I was a lawyer long before I was ever diagnosed with bipolar disorder. It was my identity: Terri L. Cheney, Esq., attorney to the stars. I didn't realize back then that an identity can also be a stranglehold, a noose around your neck that never stops tightening no matter how hard you try to get free.
The last several years, the bill for my California State Bar dues has arrived in my mailbox in early December. In fact, with eerie accuracy, it has always arrived on my birthday. I put the envelope in a conspicuous place on my dining room table, then I promptly proceed to ignore it until the day before it's due. Not that I don't think about it in the interim; I think about it a lot. I wonder why the hell I'm forking out almost six hundred dollars each year to stay active in a profession I never, ever plan to practice in again. Six hundred dollars is an awful lot of money. What exactly is it I'm buying?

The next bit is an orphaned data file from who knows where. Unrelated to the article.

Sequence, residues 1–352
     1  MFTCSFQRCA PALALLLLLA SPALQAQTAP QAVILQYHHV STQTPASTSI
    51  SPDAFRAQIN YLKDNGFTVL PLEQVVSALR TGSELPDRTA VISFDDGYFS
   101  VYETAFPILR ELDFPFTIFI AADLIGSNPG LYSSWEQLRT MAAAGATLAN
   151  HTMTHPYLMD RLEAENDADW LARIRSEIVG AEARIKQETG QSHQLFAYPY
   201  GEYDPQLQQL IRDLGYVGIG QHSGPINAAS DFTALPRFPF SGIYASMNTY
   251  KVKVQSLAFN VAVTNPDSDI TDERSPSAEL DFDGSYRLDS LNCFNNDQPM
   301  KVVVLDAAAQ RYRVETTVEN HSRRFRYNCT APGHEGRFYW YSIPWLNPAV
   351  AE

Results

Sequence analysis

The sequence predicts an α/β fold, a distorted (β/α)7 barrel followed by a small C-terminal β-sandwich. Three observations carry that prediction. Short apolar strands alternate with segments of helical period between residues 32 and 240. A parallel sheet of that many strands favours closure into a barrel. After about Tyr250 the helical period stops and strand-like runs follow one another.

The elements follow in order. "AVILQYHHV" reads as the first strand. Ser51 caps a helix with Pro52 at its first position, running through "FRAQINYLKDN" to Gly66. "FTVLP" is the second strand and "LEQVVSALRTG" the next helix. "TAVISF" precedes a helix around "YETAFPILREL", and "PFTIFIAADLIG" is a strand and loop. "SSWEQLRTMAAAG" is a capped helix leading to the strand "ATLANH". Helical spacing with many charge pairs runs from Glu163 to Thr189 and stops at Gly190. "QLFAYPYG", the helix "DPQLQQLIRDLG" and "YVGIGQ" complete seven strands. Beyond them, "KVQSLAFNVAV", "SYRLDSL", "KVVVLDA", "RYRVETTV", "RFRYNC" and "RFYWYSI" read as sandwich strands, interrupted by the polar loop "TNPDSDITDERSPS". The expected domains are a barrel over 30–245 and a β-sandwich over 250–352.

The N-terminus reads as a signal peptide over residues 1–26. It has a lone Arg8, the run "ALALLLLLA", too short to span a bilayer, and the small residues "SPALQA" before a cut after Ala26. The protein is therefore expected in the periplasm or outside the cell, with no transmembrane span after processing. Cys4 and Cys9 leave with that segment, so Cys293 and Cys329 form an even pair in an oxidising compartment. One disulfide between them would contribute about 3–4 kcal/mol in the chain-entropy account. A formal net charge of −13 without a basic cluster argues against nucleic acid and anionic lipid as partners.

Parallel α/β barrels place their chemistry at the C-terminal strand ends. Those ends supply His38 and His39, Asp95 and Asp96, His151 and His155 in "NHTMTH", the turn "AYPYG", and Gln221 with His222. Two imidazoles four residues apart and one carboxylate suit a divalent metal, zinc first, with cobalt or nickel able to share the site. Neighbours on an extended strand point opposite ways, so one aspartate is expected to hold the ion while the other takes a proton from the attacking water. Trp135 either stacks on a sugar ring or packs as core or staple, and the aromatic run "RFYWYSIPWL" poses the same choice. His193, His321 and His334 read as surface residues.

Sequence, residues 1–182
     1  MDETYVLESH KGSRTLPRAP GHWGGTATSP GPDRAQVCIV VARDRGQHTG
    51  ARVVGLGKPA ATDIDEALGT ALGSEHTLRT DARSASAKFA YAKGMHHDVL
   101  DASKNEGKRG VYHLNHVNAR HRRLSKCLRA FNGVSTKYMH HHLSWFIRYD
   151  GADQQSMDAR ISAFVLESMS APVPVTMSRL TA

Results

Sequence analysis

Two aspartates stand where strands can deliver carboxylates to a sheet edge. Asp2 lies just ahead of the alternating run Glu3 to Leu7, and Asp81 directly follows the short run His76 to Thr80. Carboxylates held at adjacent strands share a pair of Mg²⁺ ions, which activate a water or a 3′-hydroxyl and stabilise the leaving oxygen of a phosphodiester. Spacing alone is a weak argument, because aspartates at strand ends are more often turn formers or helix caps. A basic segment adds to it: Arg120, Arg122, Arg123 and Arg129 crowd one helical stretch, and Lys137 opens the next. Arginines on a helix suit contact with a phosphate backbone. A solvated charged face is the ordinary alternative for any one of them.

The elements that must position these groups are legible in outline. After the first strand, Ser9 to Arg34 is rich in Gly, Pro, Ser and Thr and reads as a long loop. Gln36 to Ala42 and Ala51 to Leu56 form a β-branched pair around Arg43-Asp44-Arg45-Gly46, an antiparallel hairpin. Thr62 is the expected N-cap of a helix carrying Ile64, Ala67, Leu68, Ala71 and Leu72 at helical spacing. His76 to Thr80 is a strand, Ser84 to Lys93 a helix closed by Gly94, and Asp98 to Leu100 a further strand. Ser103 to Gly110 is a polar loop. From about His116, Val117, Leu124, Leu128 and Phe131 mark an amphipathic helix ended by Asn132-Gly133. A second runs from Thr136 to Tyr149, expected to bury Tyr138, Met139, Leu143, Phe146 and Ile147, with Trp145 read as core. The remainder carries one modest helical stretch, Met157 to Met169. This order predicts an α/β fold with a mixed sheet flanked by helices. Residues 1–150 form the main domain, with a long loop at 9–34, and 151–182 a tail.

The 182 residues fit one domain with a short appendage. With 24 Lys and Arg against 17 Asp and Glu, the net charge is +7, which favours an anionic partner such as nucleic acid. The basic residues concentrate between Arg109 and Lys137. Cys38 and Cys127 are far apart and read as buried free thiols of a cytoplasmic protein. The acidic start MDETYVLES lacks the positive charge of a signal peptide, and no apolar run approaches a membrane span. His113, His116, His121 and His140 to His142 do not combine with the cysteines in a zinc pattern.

I could go on inactive status and pay a fraction of that amount. Or I could drop the Intellectual Property and Litigation sections I belong to, and reduce the bill significantly. But I don't. I cling—to what? To a memory of when I was actually practicing law and made enough money to feel safe and secure? To the little frisson of pleasure I feel when I introduce myself as a lawyer to someone who hasn't been taking me seriously? These are pleasant things, to be sure, but they're not worth six hundred bucks.